DALLAS – SMU President R. Gerald Turner arrived at the Hilltop in June 1995, months before the final season of the Southwest Conference. On Friday in the Bill Armstrong Fieldhouse, Turner, athletic director Rick Hart, and board chair David B. Miller addressed a room full of deep-pocketed Mustangs who felt put out to pasture for four decades with a simple message: “We’re finally back where we belong.”
The news that the Atlantic Coast Conference voted 12-3 to extend official invitations to SMU, Stanford, and Cal arrived in the wee hours of Friday morning. SMU head coach Rhett Lashlee spent the night before distracted by his twins’ seventh-grade football game. By the time homework was done, he was ready for bed. Besides, he had a Week 1 game against La Tech on the brain.
Hart wasn’t so lucky. Even the SMU brass wasn’t sure if the three prospective members had the votes. If it was a lock, the deal would’ve been done earlier in the summer. It took a reported flip by North Carolina State to ensure the victory. North Carolina, Hart’s alma mater, voted no alongside Clemson and Florida State, according to reports.
“What makes you think I went to bed last night? It was a restless night,” he admitted on Friday afternoon. “I didn’t know what to think. There was speculation about what might happen – about who might do what. I think it was as cloudy as it’s ever been. I didn’t have a great sense of what was going to occur this morning.”
The road back to national football relevance was a long journey. The 1984 team went 10-2 and capped off a four-year run where the Mustangs went 41-5 with two top-10 finishes and one trip to the Cotton Bowl. NCAA violations led to the infamous "Death Penalty" that eliminated the 1987 and 1988 seasons altogether. The Mustangs returned to the football field in 1989, and in the final seven seasons of the SWC the team only won 13 total games. SMU only posted one winning record from 1987 to 2008.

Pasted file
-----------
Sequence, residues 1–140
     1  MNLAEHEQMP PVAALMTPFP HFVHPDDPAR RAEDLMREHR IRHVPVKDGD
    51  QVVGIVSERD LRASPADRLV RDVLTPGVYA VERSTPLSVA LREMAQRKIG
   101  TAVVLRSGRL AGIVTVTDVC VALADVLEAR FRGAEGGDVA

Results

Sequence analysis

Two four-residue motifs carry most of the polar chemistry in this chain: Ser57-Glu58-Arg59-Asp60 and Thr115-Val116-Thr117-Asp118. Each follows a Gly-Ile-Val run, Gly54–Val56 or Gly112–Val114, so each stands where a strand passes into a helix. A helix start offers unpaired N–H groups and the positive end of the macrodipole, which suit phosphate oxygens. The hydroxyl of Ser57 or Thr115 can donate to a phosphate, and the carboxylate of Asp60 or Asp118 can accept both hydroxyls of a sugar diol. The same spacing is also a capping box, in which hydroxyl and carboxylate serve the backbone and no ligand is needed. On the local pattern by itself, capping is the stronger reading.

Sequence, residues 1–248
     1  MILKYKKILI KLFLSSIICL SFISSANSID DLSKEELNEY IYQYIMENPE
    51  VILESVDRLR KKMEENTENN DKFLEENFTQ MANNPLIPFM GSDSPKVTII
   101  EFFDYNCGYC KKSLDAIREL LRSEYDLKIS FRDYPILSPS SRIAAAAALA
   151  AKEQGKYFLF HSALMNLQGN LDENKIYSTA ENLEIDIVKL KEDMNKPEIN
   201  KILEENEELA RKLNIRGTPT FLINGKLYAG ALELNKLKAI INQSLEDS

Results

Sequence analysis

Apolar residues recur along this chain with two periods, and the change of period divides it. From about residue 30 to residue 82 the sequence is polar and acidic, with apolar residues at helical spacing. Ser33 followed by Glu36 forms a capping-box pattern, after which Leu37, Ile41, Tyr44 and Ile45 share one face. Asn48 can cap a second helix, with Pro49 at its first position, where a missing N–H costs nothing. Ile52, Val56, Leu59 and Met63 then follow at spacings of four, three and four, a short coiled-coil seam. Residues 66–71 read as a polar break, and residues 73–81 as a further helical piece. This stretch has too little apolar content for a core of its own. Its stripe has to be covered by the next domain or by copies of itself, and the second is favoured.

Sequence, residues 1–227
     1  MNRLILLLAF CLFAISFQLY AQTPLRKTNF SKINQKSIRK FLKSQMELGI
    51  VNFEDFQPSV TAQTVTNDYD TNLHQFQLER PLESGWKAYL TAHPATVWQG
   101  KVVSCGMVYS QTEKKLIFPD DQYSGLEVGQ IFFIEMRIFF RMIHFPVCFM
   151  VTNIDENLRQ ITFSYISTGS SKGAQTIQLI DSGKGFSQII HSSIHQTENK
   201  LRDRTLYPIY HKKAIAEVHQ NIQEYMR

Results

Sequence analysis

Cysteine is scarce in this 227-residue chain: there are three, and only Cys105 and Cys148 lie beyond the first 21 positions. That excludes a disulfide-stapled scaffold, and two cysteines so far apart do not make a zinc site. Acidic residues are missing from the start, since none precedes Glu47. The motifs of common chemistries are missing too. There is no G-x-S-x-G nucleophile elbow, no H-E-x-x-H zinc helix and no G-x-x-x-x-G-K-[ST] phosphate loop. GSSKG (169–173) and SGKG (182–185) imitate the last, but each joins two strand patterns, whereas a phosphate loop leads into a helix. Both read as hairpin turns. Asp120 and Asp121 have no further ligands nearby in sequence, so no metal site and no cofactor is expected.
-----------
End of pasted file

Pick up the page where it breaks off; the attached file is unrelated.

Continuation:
On a ride back from the Cotton Bowl with Lamar Hunt during his first years on the job, Turner convinced the mega donor to lead the cause for an on-campus football stadium as the first step to returning SMU football to relevance. The charge fell $20 million short until Gerald Ford stepped in.
With games back on campus, SMU went about upgrading facilities and establishing consistency on the football field. The program jumped from the WAC to Conference USA and into the American by 2013. The Mustangs won 10 games in 2019 for the first time since 1984 and have posted four straight winning records for the first time since, you guessed it, the Death Penalty was handed out.
So, excuse the higher ups from soaking in the moment.
“Here we are today, a member of one of the top three – remember what I said – top three athletic conferences in the country,” Miller said. “An absolute football conference that’s won three national championships in the last decade. And without a doubt the premier basketball league, claiming seven of the last 15 NCAA Tournament championships. I firmly believe that the conference just got a lot stronger with the addition of the SMU Mustangs and Dallas, Texas.”
SMU is forgoing nearly a decade of media rights revenue in exchange for the invite, but the Ponies aren’t hurting for money.